Dr. Armelle Gouritin
Armelle is currently Visiting Professor at the Centro de Investigación y Docencia Económicas, A.C. (December 2013-December 2014, Mexico, Aguascalientes- http://www.cide.edu.mx/) and Maitre de Conférences at the Université libre de Bruxelles where she lectures on environmental law.
She joined the IES in 2007. Initially trained as a lawyer, she holds a maîtrise in public and european law (Université Paris I Panthéon-Sorbonne), a master in public international law (Université Libre de Bruxelles), a specialization in international environmental law (Université Libre de Bruxelles), and a master in Human Rights (Université Saint Louis - Brussels).
She is a fellow for the One Justice Research Project (www.onejusticeproject.org) and member of the Executive Board of Ecosphere (ecosphere.be).
She publicly defended her Ph.D dissertation on 15 October 2012.
Can International Environmental Law and Human Rights Law Fill the Gaps of EU Environmental Law? The Case of Environmental Responsibility.
Keywords: environmental damage, environmental harm, ecological values, human rights, protection obligation.
Executive summary of the Ph.D. dissertation
The dissertation aims at answering the question of whether international environmental law and Council of Europe human rights law (European Convention on Human Rights as interpreted by the European Court of Human Rights) fill gaps identified in Directive 2004/35 on environmental liability with regard to the prevention and remedying of environmental damage and Directive 2008/99 on the protection of the environment through criminal law. The research is exclusively concerned with private persons’ environmental responsibility. The answer to the question is “to a very limited extent".
The first part of the dissertation is built upon the premise that tensions initially occurred when the EU legislator adopted the Directives. The hypothesis that tensions resulted in some gaps in EU environmental responsibility texts is explored and verified. Three aspects are researched: first, environmental damage and harm; second, grounds for responsibility; and third, grounds for exceptions to the responsibility principle.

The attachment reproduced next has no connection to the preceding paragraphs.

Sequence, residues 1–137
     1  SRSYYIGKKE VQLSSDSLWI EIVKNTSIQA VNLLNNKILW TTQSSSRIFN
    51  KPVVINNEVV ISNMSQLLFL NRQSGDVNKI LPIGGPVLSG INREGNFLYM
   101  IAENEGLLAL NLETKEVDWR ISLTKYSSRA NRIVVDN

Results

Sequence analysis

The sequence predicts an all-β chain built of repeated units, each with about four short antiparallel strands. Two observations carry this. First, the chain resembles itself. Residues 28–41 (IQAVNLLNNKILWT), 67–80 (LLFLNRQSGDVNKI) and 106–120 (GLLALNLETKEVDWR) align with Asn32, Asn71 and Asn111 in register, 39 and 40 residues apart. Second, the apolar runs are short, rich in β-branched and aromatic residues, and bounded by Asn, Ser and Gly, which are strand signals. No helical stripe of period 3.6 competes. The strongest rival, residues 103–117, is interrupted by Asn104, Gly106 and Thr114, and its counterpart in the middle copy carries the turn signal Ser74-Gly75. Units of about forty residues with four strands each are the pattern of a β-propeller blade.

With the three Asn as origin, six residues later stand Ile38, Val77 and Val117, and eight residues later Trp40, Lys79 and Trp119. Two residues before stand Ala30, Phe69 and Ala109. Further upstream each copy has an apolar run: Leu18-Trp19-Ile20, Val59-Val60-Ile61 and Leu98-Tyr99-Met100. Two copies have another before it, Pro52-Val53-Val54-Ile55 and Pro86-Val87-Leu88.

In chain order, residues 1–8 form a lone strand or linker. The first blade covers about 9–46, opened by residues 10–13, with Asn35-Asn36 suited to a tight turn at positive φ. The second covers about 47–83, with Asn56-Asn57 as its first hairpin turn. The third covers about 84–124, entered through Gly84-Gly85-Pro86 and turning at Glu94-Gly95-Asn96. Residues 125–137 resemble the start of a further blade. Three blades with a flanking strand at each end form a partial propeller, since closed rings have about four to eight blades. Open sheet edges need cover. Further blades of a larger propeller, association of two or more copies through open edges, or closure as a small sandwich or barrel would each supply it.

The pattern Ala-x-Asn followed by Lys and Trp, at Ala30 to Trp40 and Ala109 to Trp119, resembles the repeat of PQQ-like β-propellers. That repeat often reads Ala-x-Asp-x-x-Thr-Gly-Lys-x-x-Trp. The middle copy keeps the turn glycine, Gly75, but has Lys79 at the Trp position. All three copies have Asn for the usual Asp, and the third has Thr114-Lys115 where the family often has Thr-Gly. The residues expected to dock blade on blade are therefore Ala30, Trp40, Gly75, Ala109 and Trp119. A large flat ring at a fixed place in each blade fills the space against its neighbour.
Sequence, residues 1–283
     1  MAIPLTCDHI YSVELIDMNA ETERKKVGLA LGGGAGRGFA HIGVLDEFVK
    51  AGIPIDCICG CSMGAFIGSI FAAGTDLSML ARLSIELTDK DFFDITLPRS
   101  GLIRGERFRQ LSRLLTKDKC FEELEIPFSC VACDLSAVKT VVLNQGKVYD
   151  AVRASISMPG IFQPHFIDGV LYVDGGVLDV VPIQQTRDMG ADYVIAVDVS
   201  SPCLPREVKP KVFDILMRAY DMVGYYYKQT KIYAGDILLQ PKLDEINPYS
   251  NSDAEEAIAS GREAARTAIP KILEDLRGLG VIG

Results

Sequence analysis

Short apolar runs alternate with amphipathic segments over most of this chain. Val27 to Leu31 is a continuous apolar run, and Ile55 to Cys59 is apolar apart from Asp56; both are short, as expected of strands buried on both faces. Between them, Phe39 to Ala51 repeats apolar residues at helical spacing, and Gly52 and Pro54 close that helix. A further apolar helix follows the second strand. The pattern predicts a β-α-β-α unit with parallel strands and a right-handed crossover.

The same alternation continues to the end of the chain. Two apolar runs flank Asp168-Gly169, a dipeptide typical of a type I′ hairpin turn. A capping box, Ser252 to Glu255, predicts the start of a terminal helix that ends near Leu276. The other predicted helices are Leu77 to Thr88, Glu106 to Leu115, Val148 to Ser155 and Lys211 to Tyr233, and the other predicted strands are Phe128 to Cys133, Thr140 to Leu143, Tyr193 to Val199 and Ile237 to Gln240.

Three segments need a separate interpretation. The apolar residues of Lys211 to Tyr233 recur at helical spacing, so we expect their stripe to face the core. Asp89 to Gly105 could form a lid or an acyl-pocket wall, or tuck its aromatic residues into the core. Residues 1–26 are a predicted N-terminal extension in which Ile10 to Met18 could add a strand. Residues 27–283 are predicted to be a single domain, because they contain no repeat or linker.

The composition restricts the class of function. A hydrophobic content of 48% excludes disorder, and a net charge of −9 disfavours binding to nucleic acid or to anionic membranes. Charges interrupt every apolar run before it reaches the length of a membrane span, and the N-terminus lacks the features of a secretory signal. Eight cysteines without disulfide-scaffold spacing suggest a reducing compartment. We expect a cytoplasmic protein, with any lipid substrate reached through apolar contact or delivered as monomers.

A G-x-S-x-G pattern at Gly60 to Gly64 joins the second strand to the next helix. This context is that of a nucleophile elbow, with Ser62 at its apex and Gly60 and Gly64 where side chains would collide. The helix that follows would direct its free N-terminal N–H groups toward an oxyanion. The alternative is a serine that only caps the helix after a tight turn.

The first part is devoted to the critical appraisal of Directive 2004/35 and Directive 2008/99. The critical assessment of the legal constructs enshrined in the Directives enables us to identify a whole series of gaps. Three main lines of analysis reveal and explain the gaps. Firstly, how law approaches the environment. Environmental features are not protected and endorsed in the responsibility text for their instrumental or inherent value. Secondly, the impact of the regulatory approach on EU environmental responsibility law, i.e. the consequences of the dependence of EU environmental responsibility law upon EU environmental law. Responsibility or exceptions to the responsibility principle are based upon EU existing regulation of human activities. The greatest weight of significance does not rest upon environmental damage and harm and the corresponding harmlessness obligations are phrased under due diligence or obligation of results. Thirdly, the shift from responsibility (breach of an obligation and of victims’ rights) to cost-allocation. As a consequence of the regulatory approach, which is not centred on the notions of environmental damage and injury, the Directives address cost-allocation matters instead of identifying due diligence or harmlessness obligations towards the environment. The gaps that best reflect these three lines of analysis are studied in the second part of the study. These are the limited notion of natural resources, the exclusion of diffuse pollution from the scope of application of the Directives, deference to international law when international law norms regulate private persons’ responsibility -despite these norms being severely criticised, reliance upon public authorities and environmental NGOs in order to set responsibility procedures in motion, and the development risk defence as an exception to the responsibility principle.
The second part of the dissertation is devoted to the “gap filling” exercise, conducted through the analysis of international environmental law and Council of Europe Human Rights Law. The substantive norms of Council of Europe human rights law and international environmental responsibility law are tested in order to fill the gaps found in EU environmental responsibility texts. The second hypothesis, that international environmental law and Council of Europe human rights law can fill the gaps identified in the Directives, is partially verified: the formers are gap-fillers to a limited extent.